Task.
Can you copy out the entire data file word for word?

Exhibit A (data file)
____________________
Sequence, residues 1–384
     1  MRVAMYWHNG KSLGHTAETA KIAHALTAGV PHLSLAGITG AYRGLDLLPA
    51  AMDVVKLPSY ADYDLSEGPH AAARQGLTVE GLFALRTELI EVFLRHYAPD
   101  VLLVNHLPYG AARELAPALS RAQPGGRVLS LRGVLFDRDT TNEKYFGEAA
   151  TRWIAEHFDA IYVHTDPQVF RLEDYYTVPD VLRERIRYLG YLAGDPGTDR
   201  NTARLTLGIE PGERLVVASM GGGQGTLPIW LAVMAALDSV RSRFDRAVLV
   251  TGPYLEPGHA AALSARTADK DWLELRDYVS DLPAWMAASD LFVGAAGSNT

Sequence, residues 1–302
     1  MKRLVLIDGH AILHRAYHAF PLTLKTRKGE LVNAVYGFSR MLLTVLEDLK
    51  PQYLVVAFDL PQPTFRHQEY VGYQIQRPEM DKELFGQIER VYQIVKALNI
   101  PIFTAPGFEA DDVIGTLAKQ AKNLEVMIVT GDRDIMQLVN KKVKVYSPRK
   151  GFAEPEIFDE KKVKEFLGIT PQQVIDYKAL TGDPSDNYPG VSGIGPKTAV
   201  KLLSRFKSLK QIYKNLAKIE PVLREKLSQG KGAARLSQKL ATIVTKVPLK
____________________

Sequence, residues 1–384
     1  MRVAMYWHNG KSLGHTAETA KIAHALTAGV PHLSLAGITG AYRGLDLLPA
    51  AMDVVKLPSY ADYDLSEGPH AAARQGLTVE GLFALRTELI EVFLRHYAPD
   101  VLLVNHLPYG AARELAPALS RAQPGGRVLS LRGVLFDRDT TNEKYFGEAA
   151  TRWIAEHFDA IYVHTDPQVF RLEDYYTVPD VLRERIRYLG YLAGDPGTDR
   201  NTARLTLGIE PGERLVVASM GGGQGTLPIW LAVMAALDSV RSRFDRAVLV
   251  TGPYLEPGHA AALSARTADK DWLELRDYVS DLPAWMAASD LFVGAAGSNT

Sequence, residues 1–302
     1  MKRLVLIDGH AILHRAYHAF PLTLKTRKGE LVNAVYGFSR MLLTVLEDLK
    51  PQYLVVAFDL PQPTFRHQEY VGYQIQRPEM DKELFGQIER VYQIVKALNI
   101  PIFTAPGFEA DDVIGTLAKQ AKNLEVMIVT GDRDIMQLVN KKVKVYSPRK
   151  GFAEPEIFDE KKVKEFLGIT PQQVIDYKAL TGDPSDNYPG VSGIGPKTAV
   201  KLLSRFKSLK QIYKNLAKIE PVLREKLSQG KGAARLSQKL ATIVTKVPLK